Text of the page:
WHAT THE 2016 CENSUS REVEALS ABOUT HOUSING IN AUSTRALIA

WHAT DOES THE 2016 CENSUS TELL US ABOUT HOUSING IN AUSTRALIA?
The 2016 Census provides hard data that illuminates many of the factors that have been driving the property market in recent years: the population is growing strongly, home ownership is down, more people are living in apartments and renting, and household size is shrinking.

We take a look at the census data most pertinent to the property sector.

Population growth is strong:  Australia’s population grew 8.8 per cent in the years between the 2011 and 2016 censuses, reaching 23,401,892.  It’s no wonder we are seeing pressure on housing and infrastructure.

Melbourne is growing more quickly than Sydney:  Melbourne added 1,859 people per week between the 2001 and 2016 censuses, compared with Sydney, which added only 1,656 people per week.  Sydney remains the largest city, with a population of 4.8 million, but Melbourne is not far behind with a population of 4.5 million.

The Sydney and Melbourne markets are undersupplied:  The number of people living in each dwelling in Sydney and Melbourne has increased to 2.7 people, compared with 2.6 nationally.  The number of households in Sydney with six or more people has increased by 20 per cent since 2011.  Tim Reardon, HIA’s Principal Economist, says this shows the Sydney and Melbourne property markets are undersupplied.

Cities are growing more quickly than regional areas:  Between the 2011 and 2016 censuses, the number of people living in capital cities grew 10.5 per cent, almost double the 5.7 per cent growth rate for people living outside capital cities.

There was a big decline in the number of homes owned outright:  In 2016, 31 per cent of homes were owned outright, a significant decline from the 41.1 per cent of homes owned outright in 1991.

But the number of households with mortgages is on the rise:  But a greater percentage of households were owned with a mortgage.  In 2016, 34.5 per cent of homes were owned with a mortgage, compared with 27.5 per cent in 1991.

Renting is on the rise:  In 2016, 30.9 per cent of households were renting, up from 26.9 per cent in 1991.

Fewer people are living in houses, more are living in flats:  In 2016, 73 per cent of dwellings were houses, compared with 76 per cent in 2011.  Semis, terraces, townhouses, and apartments accounted for 26 per cent of dwellings, with 12.7 per cent of households in semis or terrace houses, and 13.1 per cent in flats.

The population is aging:  The median age of all Australians increased slightly from 37 years in the 2006 census, to 38 years in 2016.  In 2016, 16 per cent of the population was aged over 65 years, compared with 14 per cent in 2011.

Households are getting smaller:  The census counted increases in the numbers of no-children families, single-parent families, and single-occupant households – showing the number of occupants in households is shrinking.  In 2016, one in five households (24.4 per cent) were occupied by a lone person, up from one in four (20 per cent) in 1991.  The average person per household was 2.6, down from 2.8 in 1991.

The rise of the no-children family:  The census showed there were 6.1 million families in 2016.  In 1991, 51 per cent of families were couples with children, dropping to only 45 per cent in 2016.  In 1991, 32 per cent of families were a couple with no children.  In 2016, 38 per cent of families were couples with no children.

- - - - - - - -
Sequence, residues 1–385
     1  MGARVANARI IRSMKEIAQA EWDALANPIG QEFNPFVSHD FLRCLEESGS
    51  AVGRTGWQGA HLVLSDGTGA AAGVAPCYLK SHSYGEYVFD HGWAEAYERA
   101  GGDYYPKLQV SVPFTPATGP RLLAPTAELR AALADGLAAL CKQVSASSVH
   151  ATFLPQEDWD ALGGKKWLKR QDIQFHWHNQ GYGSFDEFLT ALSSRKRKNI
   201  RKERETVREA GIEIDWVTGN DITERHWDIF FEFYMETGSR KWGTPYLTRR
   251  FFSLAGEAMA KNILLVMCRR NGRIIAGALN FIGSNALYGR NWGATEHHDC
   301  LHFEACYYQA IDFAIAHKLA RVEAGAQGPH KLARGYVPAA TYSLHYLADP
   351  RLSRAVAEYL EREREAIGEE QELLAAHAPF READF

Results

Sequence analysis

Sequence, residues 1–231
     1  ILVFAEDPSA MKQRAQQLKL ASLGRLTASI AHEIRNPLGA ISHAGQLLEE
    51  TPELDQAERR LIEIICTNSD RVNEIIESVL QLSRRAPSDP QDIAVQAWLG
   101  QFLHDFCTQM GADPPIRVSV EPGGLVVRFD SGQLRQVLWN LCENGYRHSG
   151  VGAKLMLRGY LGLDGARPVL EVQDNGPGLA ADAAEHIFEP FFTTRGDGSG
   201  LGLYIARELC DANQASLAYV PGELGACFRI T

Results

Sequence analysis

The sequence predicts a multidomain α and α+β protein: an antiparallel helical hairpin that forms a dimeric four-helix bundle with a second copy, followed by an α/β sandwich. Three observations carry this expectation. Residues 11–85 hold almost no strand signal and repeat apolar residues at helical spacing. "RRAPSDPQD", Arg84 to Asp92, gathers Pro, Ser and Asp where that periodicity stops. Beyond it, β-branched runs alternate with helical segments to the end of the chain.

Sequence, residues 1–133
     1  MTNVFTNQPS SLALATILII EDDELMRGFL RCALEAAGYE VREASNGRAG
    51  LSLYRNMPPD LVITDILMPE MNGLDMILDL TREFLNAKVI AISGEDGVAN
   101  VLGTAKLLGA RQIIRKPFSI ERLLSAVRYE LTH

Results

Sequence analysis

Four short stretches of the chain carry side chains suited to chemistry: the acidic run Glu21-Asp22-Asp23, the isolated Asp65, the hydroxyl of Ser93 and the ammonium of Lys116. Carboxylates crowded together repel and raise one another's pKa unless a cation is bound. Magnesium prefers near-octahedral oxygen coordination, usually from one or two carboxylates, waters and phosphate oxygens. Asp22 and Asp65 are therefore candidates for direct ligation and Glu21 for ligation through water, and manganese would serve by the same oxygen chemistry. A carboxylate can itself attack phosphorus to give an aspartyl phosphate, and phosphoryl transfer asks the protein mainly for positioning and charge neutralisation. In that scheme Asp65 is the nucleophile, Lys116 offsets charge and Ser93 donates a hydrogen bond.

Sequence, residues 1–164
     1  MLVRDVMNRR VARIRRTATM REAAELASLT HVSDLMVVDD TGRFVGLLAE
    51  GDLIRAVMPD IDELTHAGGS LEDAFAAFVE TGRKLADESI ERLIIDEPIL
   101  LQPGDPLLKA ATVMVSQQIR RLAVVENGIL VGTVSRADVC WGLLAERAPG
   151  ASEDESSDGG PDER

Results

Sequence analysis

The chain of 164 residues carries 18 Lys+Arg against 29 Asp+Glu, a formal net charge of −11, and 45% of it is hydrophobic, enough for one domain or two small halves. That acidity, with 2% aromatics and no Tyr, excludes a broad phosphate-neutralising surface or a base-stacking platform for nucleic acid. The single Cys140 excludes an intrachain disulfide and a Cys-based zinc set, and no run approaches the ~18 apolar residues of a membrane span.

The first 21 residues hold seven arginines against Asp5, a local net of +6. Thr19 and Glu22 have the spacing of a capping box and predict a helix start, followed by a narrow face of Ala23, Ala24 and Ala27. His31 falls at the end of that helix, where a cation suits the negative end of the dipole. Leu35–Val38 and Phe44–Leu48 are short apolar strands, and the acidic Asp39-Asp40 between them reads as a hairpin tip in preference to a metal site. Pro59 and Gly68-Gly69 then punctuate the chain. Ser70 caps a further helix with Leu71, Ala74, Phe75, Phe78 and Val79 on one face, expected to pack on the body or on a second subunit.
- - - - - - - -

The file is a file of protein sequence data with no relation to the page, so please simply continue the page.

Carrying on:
Single-parent families are more common:  Single parent families accounted for 13 per cent of all families in 1991, a figure that jumped to 16 per cent in 2016.  Almost one million – 900,000 – single-parent families were counted in the 2016 census, and more than 80 per cent of the single parents were female (81.8 per cent).

Information extracted from article published in therealestateconversation.com.au ~ posted 28th June 2017.

SOUTH AUSTRALIAN STATE BUDGET UPDATES
The 2017-18 South Australian State Budget, handed down on 22ndJune 2017 contains a number of measures relevant to taxes and grants administered by RevenueSA.The legislative changes to implement these measures (except for the changes to the Job Accelerator Grant which is an administrative scheme) are included in the Budget Measures Bill 2017 which has now been introduced into Parliament.  The operation of these measures is subject to the Bill coming into force as an Act.

Measures included in the 2017-18 State Budget are:

– Job Accelerator Grant payments increased by up to $5,000 for businesses that hire apprentices or trainees

– The off-the-plan stamp duty concession will be extended until 30thJune 2018 but will be retargeted so that it no longer applies to foreign purchasers

– A $10,000 grant will be provided to eligible off-the-plan apartment purchasers where the contract is entered into between 22nd June 2017 and 30th September 2017

– A five year land tax exemption will apply to eligible apartments bought off-the-plan where the contract is entered into between 22ndJune 2017 and 30th June 2018

– Payroll tax rate for small businesses lowered to 2.5%

– A major bank levy for major banks offering services in South Australia will be introduced

– A stamp duty surcharge of 4% will apply to foreign purchasers of South Australia residential property

The Bill also contains a number of other minor amendments to the Payroll Tax Act 2009, First Home and Housing Construction Grants Act 2000, Taxation Administration Act 1996 and Stamp Duties Act 1923.

Information extracted from article published on revnet.sa.gov.au ~ posted 22nd June 2017.

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Zac Zacharia (Managing Director) has been assisting clients to create wealth and secure their futures for over 14 years.

He is also an accomplished presenter and educator

Co-authoring the popular investment book, Property vs Shares.